September 05, 2022 3 min read

One thing we know about snoring is that almost everyone snores, at least occasionally. We also know that snoring tends to get worse as we grow older. Even surveys show that an estimated 20 to 30% of adults snore. They also show that snoring is less common in children, with an estimated prevalence rate of only 4%. 

But you don’t need to be an expert to know that you’re more likely to snore later in life. What you may not know is why this is so. You may also wonder at what age you can expect snoring to become a regular occurrence.

Snoring and Age

Age affects many things, including how well you sleep. As you grow older, you may find yourself struggling to fall asleep and stay there. The quality and duration of your sleep also diminishes once you reach your 40s and beyond. So, it’s unsurprising that the propensity to snore also seems to increase with age.

The usual time people may notice this change, however, is around midlife (aged 44-64 years). But, this mostly applies to men, especially if they also smoke and drink alcohol. Women tend to snore more after age 50, and smoking and greater body-mass index seem to be contributing risk factors.

Why Do We Snore As We Get Older?

There are three main reasons people snore more in their senior years: weak muscles, weight gain, and medications.

According to the National Sleep Foundation, people tend to snore more with age because their throat and tongue muscles weaken. We tend to lose muscle mass at a rate of 1% per year after age 40. By your 80s and 90s (if you’re lucky enough to live that long), you may lose up to 50% of your peak muscle mass, which also applies to the muscles responsible for keeping your upper airways open. 

Another reason snoring worsens with age is weight gain. With gradual loss of muscle mass, people become more prone to weight gain as muscle is an important metabolism regulator. Having more fat in your neck can narrow the upper airway, further increasing the risk of snoring.

And finally, taking certain medications (water pills, beta blockers, anxiolytics, sleeping pills, etc) — which is more common in older adults — can increase your chances of developing a snoring habit. 

What to Do About Age-Related Snoring

Snoring may be more common in older age, but it isn’t inevitable. Snoring can diminish the quality of your sleep and keep your bed partner awake. It may also be a symptom of a more serious disorder called obstructive sleep apnea (OSA). Here are steps you can take to stop snoring:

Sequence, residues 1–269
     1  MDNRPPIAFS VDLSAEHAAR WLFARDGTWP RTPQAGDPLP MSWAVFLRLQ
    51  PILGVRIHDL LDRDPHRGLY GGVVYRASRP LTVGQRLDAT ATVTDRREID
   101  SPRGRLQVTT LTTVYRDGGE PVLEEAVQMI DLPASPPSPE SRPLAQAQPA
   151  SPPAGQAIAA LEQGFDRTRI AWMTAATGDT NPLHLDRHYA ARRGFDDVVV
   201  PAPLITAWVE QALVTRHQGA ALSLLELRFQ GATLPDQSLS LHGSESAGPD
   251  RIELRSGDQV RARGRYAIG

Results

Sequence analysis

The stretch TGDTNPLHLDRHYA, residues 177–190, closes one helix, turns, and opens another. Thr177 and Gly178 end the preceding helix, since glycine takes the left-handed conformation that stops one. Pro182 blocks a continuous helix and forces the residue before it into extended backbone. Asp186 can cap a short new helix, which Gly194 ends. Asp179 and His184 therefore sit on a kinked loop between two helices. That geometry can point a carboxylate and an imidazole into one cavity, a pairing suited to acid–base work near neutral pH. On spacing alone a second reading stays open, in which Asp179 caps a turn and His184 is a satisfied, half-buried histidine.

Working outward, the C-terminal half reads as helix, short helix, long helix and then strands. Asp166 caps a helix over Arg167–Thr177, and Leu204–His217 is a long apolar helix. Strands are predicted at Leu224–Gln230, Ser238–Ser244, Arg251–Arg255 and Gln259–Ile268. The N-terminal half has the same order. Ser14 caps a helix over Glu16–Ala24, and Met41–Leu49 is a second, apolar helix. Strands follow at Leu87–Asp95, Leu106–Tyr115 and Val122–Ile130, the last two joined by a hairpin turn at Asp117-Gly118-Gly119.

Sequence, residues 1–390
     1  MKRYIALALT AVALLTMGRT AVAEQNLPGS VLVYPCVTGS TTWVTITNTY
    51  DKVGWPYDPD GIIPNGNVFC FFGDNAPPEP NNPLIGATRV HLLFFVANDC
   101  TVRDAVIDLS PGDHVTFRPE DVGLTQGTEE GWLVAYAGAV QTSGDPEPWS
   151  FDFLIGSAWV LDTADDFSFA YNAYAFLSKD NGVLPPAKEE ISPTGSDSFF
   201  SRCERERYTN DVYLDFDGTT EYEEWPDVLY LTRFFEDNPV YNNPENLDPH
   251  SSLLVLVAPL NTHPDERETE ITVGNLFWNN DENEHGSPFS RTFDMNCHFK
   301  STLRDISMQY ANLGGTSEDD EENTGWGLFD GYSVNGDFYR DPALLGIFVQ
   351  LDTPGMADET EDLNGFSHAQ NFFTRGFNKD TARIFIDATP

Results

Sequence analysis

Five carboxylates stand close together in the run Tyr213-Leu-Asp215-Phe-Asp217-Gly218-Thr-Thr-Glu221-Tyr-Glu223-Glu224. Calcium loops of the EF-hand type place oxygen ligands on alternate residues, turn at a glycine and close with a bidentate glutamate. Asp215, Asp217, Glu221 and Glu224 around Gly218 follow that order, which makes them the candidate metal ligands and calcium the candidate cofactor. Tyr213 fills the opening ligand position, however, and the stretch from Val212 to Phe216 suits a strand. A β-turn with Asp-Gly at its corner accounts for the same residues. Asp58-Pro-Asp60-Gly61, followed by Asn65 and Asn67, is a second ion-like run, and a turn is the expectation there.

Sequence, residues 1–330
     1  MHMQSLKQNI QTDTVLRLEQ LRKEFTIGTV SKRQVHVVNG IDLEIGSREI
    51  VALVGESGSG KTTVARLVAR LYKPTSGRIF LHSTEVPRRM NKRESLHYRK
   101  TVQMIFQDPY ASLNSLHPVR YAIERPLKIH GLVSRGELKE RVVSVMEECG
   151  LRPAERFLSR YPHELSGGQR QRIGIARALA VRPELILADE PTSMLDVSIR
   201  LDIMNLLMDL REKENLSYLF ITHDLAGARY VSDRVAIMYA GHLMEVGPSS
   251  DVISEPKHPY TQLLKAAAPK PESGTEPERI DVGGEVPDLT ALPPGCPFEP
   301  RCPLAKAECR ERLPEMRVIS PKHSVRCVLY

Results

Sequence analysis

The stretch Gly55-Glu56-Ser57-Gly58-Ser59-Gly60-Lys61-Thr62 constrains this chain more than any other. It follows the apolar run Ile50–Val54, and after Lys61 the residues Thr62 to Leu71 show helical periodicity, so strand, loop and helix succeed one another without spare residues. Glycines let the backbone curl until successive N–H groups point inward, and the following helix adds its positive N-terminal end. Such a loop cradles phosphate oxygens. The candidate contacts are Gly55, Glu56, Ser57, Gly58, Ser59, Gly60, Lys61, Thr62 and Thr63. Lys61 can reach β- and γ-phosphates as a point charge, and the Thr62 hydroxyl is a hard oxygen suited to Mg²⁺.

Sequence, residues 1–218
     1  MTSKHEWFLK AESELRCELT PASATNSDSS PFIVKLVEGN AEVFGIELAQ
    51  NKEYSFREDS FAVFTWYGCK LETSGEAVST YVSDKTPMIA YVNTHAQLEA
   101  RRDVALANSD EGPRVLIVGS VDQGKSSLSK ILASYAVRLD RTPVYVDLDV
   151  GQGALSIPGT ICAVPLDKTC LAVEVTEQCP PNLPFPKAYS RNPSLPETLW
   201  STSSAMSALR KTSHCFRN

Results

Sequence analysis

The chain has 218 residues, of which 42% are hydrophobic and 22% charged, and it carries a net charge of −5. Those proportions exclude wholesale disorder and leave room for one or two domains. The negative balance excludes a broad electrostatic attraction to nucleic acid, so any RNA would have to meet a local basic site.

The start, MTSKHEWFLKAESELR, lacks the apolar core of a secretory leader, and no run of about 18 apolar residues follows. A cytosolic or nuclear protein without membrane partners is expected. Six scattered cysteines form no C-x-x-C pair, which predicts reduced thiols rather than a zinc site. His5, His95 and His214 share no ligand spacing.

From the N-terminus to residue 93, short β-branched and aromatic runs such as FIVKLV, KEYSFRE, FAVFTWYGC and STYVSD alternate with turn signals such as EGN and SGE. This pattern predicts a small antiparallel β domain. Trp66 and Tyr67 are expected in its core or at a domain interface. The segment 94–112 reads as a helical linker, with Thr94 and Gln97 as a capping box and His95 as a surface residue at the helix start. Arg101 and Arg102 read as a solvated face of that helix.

Lifestyle changes
Being overweight, smoking and alcohol are all major risk factors for snoring. Losing a small amount of weight (5%) and changing your habits may make a big difference in your sleep quality.

Myofunctional therapy

This exercise training program helps strengthen the muscles in your face, throat and tongue. It was found to be effective in reducing the severity of snoring and OSA in adults. A sleep specialist can teach you how to exercise your airways for better sleep.

Changing sleep position

If you sleep on your back, the back of your tongue and soft palate are more likely to fall back and obstruct your airway. Switching to a side sleeping position can prevent this and improve your breathing.

Oral appliances

These medical devices are worn inside the mouth at night to help keep the upper airway open while you sleep. The  Good Morning Snore Solution mouthpiece treats snoring and mild sleep apnea by preventing the tongue from falling back.


Enright PL, Newman AB, Wahl PW, Manolio TA, Haponik EF, Boyle PJ. Prevalence and correlates of snoring and observed apneas in 5,201 older adults.Sleep. 1996;19(7):531-538.doi:10.1093/sleep/19.7.531

Sogut A, Yilmaz O, Dinc G, Yuksel H. Prevalence of habitual snoring and symptoms of sleep-disordered breathing in adolescents.Int J Pediatr Otorhinolaryngol. 2009;73(12):1769-1773.doi:10.1016/j.ijporl.2009.09.026

Stuck BA, Dreher A, Heiser C, et al. Diagnosis and treatment of snoring in adults-S2k Guideline of the German Society of Otorhinolaryngology, Head and Neck Surgery.Sleep Breath. 2015;19(1):135-148.doi:10.1007/s11325-014-0979-8

Svensson M, Lindberg E, Naessen T, Janson C. Risk factors associated with snoring in women with special emphasis on body mass index: a population-based study.Chest. 2006;129(4):933-941.doi:10.1378/chest.129.4.933

National Sleep Foundation. What Are the Common Causes of Snoring? Published November 12, 2020.

Wilkinson DJ, Piasecki M, Atherton PJ. The age-related loss of skeletal muscle mass and function: Measurement and physiology of muscle fibre atrophy and muscle fibre loss in humans.Ageing Res Rev. 2018;47:123-132.doi:10.1016/j.arr.2018.07.005

de Felício CM, da Silva Dias FV, Trawitzki LVV. Obstructive sleep apnea: focus on myofunctional therapy.Nat Sci Sleep. 2018;10:271-286. Published 2018 Sep 6.doi:10.2147/NSS.S141132

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